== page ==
Officials agree to look into installing barriers on Grand Valley road where child swept away
It’s been two weeks since Kaden Young was swept out of his mother’s arms and away into the freezing, swollen Grand River in Grand Valley.
While provincial police maintain a presence, family of the three-year-old and volunteers continue the search but there has been no sign of the boy.
Inside Amaranth Town Hall, away from the river banks and ice jams, local residents have also issued the local town council a call to action.
On Wednesday afternoon, a delegation of about five local residents, armed with a petition signed by a thousand people from Sarnia to the Maritimes, addressed council with a suggestion they hope can prevent any other families from suffering the same heartbreak.
They asked council for three things: a set of guardrails along the east side of 10th Line north of Station Street (where Kaden’s mother’s car was pulled into the flooded river), better lighting along that stretch of road and more visible “road closed” signs for such situations.
“It only needs to rain two days in a row and the river will rise 12 to 14 feet,” said local resident Trish Hamilton about the section she called highly prone to flooding.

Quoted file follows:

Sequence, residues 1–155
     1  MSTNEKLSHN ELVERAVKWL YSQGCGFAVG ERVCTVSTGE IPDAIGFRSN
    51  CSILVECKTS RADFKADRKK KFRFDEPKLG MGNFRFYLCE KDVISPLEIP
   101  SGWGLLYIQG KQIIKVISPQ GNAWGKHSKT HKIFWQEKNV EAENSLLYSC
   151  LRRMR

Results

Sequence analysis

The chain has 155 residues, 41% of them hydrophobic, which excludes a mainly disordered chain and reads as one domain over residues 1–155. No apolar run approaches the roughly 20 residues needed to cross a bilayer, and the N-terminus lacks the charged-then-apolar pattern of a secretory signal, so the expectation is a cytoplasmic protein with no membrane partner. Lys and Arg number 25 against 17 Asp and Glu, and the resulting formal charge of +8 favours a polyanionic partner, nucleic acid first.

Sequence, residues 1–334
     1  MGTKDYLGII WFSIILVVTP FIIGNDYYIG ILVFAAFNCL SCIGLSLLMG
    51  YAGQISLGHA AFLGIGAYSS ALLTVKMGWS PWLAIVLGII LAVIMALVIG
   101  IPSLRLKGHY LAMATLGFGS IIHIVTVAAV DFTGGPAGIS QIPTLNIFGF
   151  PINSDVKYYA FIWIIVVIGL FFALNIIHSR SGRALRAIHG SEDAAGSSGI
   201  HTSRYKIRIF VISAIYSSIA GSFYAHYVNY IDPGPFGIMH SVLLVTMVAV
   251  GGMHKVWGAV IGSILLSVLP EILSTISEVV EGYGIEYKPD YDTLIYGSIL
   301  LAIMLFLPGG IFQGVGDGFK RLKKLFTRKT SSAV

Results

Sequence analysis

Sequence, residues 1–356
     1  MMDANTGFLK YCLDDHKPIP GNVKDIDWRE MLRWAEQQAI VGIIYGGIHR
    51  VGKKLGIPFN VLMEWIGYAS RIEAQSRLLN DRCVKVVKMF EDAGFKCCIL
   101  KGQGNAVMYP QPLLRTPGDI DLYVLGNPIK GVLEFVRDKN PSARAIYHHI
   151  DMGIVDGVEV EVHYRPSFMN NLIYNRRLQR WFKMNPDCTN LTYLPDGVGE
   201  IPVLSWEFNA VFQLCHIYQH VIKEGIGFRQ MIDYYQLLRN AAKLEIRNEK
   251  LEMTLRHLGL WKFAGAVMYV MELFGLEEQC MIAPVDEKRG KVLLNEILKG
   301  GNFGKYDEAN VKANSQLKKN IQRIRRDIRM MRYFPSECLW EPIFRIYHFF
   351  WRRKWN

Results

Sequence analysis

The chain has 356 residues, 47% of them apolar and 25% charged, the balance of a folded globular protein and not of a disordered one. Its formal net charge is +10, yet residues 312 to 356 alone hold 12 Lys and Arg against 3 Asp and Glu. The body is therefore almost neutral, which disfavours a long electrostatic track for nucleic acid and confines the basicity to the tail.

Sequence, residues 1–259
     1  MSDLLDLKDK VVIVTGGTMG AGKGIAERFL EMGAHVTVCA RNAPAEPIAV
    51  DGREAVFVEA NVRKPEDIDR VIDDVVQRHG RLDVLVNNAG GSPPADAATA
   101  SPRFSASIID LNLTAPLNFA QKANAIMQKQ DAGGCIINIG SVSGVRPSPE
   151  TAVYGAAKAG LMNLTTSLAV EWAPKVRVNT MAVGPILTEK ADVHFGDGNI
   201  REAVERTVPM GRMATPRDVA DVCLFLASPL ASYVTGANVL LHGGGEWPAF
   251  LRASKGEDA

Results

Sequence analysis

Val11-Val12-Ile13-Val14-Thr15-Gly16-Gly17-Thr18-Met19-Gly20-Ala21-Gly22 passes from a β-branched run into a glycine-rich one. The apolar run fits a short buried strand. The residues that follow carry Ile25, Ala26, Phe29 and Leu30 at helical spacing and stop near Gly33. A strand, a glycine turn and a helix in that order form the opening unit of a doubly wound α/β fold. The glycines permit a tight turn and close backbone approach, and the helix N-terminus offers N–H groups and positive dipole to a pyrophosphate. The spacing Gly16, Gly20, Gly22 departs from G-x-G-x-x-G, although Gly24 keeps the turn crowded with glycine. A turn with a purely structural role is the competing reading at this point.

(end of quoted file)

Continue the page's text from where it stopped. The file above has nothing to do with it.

“We’ve had two to three overflows and flooding every year and we feel that these three requests will impede and prevent any further vehicle or pedestrian accidents in foggy, flooding or icy road conditions.”
With 10th Line flooded, Michelle Hanson, Kaden’s mother, reportedly missed and drove past a sign warning of a road closure on Feb. 21. Shortly after, it’s believed she ended up in water too deep for her van to handle and it was pulled into the swollen river. Kaden swept out of his mother’s arms as they tried to escape.
The town’s five-member council was quick to accept the requests brought to them Wednesday. They haven’t seen a tragedy like this before. Mayor Don MacIver said he wants to prevent the possibility of repeat incidents, especially after what he said have been unpredictable regional weather patterns in recent years.
“All it takes is four inches of water to move a vehicle and [the Feb. 21 flooding] was way beyond it. We’re talking in the order of magnitude of feet.”
Councillor Gail Little, who also supports the ideas presented, said many in the small, tight-knit community are still mourning and so “people want to do something.”
“[Residents] want to make a change, they want to ensure that it doesn’t happen again and they’re looking for what they can do to help this situation.”
Deputy Mayor Jane Aultman said the proposed measures could work in the suggested area, “however, it’s very important that council makes the right decision on the engineering of the guardrail.”
Town staff have been directed to consult with safety and infrastructure experts over the next month and to report their findings back to council in April. Council will decide how to move forward after the report is tabled.
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